We would also recommend that stores and brands evaluate their mechanisms for collecting reviews, as platform limitations can crush the volume of reviews collected. For example, the furniture store Raymour & Flanigan doubled the volume of verified-buyer reviews they collect by switching to an approach that automatically authenticates known reviewers rather than requiring a separate authentication step. And for unrecognized users, a flow that enables review creation before requiring authentication is essential. (Do you make your visitors register before they shop?!?)
July 17, 2015 by John Swords
Collecting great customer-generated content (CGC) is only half the game. Figuring out how to use it for maximum impact is the other half. Here’s an example of a brand using a particular type of CGC – what we call “Checkout Chatter” – to power a great email campaign. Tip-of-the-hat to Sur La Table for their creativity. We think you’ll find this inspiring.
Here, Sur La Table is building the email around a selection of the checkout comments from their “Cart Talk” pinboard. They are not only introducing the Cart Talk function of the site, they are making a range of their products look super attractive by augmenting the product images with this particular type of CGC, providing endorsement and social validation. While customer reviews can be difficult to work into outbound messaging without undermining their authenticity, checkout comments have a different feeling – an immediacy – that makes them well-suited for promotional uses.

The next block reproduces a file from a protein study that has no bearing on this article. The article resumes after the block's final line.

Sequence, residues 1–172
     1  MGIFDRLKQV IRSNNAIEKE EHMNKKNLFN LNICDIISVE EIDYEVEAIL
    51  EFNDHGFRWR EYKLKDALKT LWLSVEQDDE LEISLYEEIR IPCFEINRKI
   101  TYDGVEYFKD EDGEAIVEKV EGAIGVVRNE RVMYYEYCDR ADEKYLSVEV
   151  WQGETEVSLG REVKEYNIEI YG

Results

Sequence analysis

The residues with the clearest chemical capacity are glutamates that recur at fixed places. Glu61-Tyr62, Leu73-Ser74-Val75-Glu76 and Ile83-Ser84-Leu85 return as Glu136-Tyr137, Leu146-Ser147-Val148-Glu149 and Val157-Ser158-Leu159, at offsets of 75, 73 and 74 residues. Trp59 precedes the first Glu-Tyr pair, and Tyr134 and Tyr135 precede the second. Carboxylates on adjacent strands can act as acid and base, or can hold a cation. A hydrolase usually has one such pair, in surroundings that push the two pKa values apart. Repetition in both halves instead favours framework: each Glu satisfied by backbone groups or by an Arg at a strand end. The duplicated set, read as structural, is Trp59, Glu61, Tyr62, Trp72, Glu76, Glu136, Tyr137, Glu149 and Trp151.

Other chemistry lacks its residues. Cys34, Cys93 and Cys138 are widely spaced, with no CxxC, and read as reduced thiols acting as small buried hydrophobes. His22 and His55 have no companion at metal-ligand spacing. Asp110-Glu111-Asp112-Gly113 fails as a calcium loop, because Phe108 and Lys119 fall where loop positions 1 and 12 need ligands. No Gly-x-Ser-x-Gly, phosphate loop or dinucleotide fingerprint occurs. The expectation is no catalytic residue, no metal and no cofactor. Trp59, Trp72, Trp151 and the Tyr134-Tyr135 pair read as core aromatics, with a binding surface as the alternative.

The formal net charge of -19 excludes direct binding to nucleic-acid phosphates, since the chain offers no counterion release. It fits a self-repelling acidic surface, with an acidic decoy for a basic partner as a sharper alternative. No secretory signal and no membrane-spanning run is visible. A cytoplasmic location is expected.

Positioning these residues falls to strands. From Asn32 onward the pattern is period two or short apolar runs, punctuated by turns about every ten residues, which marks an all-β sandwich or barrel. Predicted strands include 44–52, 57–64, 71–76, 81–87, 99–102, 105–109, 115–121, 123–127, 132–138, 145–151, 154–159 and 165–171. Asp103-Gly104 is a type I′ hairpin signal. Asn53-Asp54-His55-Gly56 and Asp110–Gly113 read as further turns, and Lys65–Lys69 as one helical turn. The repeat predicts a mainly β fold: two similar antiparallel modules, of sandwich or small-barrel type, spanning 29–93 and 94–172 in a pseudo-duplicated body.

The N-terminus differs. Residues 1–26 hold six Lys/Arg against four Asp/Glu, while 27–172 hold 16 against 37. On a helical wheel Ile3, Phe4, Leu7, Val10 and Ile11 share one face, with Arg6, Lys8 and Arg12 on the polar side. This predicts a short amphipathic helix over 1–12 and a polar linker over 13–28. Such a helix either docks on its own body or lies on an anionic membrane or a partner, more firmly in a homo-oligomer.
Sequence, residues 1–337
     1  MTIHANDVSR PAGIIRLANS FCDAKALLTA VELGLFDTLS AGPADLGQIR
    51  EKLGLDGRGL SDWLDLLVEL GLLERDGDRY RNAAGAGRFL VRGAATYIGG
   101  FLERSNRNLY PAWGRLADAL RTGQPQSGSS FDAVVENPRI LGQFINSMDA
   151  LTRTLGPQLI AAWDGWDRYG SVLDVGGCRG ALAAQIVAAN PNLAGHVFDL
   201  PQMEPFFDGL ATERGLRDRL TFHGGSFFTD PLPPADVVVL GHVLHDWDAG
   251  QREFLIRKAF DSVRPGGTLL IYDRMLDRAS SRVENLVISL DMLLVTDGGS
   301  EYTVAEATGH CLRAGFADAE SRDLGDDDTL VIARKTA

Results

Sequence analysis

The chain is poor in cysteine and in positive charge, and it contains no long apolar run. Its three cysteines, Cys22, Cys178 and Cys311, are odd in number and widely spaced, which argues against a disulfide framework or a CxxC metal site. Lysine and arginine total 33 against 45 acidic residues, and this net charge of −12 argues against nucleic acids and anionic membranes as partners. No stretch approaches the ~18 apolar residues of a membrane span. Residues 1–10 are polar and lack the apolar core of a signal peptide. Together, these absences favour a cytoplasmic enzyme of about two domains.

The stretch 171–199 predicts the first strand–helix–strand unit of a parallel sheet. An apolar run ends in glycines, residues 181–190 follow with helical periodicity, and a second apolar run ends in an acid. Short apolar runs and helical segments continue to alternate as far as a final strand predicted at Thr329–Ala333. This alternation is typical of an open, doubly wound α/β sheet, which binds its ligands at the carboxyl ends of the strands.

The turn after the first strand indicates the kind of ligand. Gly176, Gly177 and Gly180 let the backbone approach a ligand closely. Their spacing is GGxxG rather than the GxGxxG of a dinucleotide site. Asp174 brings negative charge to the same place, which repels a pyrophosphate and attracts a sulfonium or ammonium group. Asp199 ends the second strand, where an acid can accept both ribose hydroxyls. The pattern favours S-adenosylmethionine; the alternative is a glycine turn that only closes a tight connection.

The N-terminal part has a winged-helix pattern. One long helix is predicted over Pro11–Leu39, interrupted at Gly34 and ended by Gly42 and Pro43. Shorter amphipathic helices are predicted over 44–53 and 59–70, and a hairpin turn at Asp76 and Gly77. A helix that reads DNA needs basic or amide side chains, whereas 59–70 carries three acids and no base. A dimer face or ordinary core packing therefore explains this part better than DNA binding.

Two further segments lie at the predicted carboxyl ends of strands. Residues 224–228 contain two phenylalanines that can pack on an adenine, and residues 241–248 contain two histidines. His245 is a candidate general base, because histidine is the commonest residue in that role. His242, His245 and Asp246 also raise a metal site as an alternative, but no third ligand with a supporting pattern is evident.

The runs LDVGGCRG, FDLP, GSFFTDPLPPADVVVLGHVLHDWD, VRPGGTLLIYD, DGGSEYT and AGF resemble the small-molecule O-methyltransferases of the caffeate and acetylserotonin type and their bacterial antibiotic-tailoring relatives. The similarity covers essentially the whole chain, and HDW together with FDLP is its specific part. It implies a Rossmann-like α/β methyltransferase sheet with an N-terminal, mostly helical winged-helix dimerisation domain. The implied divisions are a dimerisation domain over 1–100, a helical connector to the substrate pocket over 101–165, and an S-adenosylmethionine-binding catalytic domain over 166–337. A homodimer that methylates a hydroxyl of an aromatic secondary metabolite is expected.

Sur La Table’s “Cart Talk” captures customer sentiments at the time of purchase with the simple question, “Why did you choose this?” and turns it into a social share on the site for those still browsing. Because it is captured at the point of purchase, the sentiment is consistently positive and it is a great asset to build enthusiasm around products – not to mention SEO.
It’s just one piece of the ongoing strategy Kevin Ertell, SVP of Digital at Sur La Table has for building community with customers leveraging product insights contributed by the customers themselves. You can read and hear more about that in our previous blog entry.